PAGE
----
Something to spot, something to smell, something to taste!

Its that time of year…. the Othosian  explosion, it’s happening somewhere near you!

This involves quaker moths and willow trees

This is the time of year to spot some of the most abundant moth species in your garden, as well as when you shine a light up into a flowering willow on a warm still evening. The species you may see are:

Common Quaker © Justin Groves The University of Reading

Common Quaker © Justin Groves The University of Reading

Common Quaker (Orthosia cerasi)

Small Quaker (Orthosia cruda)

Twin Spotted Quaker (Orthosia munda)

Powdered Quaker © Justin Groves The University of Reading

Powdered Quaker © Justin Groves The University of Reading

Powdered Quaker  (Orthosia gracilis)

Clouded Drab (Orthosia incerta)

Hebrew Character © Justin Groves The University of Reading

Hebrew Character © Justin Groves The University of Reading

Hebrew Character (Orthosia gothica)

They exploit the dioecious (separate male and female) willow trees especially of Pussy or Goat Willow (Salix caprea), Grey Willow (salix cinerea) and Crack Willow (Salix fragilis) for nectar sources, mating opportunities and to lay eggs on the buds and fresh shoots (the species mentioned will also exploit other trees and herbaceous plants for caterpillar food plants).  In return they pollinate the willows.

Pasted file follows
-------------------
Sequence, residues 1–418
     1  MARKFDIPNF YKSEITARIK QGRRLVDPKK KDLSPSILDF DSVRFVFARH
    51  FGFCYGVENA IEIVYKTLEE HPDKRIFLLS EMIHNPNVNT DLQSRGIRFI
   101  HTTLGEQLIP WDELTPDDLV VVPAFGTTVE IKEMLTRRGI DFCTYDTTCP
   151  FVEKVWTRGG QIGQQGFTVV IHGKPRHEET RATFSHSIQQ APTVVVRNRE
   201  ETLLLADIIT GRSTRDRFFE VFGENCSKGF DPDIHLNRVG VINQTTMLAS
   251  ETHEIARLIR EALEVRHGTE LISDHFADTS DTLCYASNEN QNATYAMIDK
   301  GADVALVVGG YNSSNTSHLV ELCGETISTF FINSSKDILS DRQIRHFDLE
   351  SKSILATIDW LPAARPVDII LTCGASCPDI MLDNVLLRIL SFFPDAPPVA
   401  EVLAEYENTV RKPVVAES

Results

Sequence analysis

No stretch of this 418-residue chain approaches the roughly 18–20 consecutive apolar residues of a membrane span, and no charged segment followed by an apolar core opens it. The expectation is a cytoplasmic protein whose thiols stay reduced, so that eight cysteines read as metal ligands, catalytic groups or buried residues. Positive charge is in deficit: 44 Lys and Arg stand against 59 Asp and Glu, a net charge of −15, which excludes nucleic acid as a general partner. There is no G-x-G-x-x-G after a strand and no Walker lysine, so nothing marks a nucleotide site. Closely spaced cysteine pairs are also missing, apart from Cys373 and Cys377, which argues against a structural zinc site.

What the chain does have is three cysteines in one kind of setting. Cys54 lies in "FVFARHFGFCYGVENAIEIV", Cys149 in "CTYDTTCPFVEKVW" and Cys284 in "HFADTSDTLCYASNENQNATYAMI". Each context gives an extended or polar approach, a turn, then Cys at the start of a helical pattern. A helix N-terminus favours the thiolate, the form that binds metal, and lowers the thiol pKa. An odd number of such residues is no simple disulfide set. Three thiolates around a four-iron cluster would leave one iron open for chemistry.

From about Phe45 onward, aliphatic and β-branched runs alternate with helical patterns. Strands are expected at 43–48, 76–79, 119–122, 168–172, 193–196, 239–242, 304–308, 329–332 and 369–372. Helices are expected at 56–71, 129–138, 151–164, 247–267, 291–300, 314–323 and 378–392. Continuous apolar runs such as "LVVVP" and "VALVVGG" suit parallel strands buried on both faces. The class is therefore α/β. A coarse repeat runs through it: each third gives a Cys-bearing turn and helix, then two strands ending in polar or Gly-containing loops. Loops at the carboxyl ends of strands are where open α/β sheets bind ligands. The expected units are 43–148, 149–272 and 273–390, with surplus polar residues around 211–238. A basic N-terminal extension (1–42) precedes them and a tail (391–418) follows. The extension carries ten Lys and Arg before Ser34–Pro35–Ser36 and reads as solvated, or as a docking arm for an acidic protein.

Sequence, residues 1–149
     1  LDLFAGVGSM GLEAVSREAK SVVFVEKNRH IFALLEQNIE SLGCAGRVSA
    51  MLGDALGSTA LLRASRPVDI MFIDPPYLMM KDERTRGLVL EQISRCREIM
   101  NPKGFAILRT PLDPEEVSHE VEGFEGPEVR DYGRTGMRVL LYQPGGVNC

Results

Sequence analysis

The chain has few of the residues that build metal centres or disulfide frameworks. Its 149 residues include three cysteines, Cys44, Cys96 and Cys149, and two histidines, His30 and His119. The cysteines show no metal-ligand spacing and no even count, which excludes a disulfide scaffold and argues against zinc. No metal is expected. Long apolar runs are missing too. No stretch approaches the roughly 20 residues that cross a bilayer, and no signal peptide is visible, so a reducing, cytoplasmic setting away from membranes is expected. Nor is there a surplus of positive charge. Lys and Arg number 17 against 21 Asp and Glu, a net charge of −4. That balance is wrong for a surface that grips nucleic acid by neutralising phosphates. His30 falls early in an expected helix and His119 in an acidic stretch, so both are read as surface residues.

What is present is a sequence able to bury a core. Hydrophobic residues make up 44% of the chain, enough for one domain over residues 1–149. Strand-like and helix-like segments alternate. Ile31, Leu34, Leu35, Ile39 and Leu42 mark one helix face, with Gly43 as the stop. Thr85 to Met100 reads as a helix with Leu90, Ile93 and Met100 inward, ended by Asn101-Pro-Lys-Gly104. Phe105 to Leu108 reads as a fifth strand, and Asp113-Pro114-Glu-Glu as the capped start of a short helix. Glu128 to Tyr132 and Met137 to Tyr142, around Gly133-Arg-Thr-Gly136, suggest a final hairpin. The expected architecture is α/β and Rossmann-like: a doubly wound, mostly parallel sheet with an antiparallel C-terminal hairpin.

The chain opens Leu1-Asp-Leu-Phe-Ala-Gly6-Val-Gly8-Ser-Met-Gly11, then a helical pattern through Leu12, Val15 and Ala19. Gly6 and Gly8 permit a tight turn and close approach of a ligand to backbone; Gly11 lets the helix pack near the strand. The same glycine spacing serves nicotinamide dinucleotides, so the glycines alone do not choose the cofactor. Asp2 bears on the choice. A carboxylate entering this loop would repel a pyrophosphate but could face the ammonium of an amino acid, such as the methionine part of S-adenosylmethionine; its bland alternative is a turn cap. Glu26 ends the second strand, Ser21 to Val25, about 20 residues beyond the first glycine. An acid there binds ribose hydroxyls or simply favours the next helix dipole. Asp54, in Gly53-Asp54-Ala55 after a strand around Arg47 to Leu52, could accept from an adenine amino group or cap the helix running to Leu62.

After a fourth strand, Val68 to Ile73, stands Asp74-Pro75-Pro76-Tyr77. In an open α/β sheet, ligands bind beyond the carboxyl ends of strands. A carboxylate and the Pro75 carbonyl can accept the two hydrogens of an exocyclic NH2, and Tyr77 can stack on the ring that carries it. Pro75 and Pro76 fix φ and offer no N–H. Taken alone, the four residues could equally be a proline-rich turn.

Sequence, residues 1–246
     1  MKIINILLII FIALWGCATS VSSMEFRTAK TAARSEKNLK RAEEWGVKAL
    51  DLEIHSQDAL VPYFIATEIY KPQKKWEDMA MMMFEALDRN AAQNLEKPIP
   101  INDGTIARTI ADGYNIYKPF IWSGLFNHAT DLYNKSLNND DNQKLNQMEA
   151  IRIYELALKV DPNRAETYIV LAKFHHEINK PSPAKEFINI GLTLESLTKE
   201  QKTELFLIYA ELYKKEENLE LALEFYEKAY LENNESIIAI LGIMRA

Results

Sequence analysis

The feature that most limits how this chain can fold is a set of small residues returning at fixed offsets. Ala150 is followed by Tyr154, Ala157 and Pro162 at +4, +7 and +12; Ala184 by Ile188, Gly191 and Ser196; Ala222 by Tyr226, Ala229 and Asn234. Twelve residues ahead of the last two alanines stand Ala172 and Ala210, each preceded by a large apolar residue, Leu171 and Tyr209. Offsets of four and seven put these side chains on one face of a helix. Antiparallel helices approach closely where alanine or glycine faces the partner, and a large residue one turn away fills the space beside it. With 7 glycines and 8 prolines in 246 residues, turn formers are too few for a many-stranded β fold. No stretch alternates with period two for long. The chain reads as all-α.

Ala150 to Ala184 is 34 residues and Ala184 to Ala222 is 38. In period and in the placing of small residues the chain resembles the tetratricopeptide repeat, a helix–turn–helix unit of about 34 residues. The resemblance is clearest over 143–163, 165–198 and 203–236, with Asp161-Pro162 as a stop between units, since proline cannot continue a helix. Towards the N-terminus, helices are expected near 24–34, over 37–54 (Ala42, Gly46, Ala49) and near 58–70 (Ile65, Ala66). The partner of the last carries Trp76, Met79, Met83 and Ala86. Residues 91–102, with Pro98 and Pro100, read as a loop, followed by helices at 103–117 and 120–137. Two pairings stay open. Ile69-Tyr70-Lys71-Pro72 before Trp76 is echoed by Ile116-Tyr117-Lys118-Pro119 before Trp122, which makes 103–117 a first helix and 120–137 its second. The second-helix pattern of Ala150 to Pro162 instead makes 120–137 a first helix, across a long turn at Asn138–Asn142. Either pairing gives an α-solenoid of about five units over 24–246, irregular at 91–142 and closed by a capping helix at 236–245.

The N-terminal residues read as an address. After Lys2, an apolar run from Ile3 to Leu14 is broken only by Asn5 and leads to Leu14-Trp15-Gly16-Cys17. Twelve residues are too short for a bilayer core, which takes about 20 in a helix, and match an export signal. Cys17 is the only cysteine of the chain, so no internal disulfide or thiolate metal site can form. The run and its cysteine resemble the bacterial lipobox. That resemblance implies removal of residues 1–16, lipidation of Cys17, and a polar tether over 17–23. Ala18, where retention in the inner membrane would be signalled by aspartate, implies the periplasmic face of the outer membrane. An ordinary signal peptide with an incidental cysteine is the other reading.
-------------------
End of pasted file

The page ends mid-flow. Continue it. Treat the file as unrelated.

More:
Other moth species such as Blossom Underwing (Orthosia miniosa) which will also exploit the nectar source on warm nights even though their main food plant is Oak (Quercus robur) in this area.

You may well notice the willows smell fragrant at this time of year, before you see the tree, due to the abundant pollen and nectar which is produced. This pollen and nectar also attracts other species such many bee, blue tits and grey squirrels from personal observation which again aid pollination.

The nectar is also tastes very sweet when you touch the flowers, especially of the pussy willow with the nectar almost dripping from them.

About Justin Anthony Groves

As a student of Ecology and Conservation at Reading University i am very interested many other insect groups, botany and the interaction in nature. Over a number of blogs I hope to pass my knowledge to others but also gain from the many other interesting posts.
This entry was posted in Animals, Insects, Lepidoptera, Moths. Bookmark the permalink.

Leave a Reply

This site uses Akismet to reduce spam. Learn how your comment data is processed.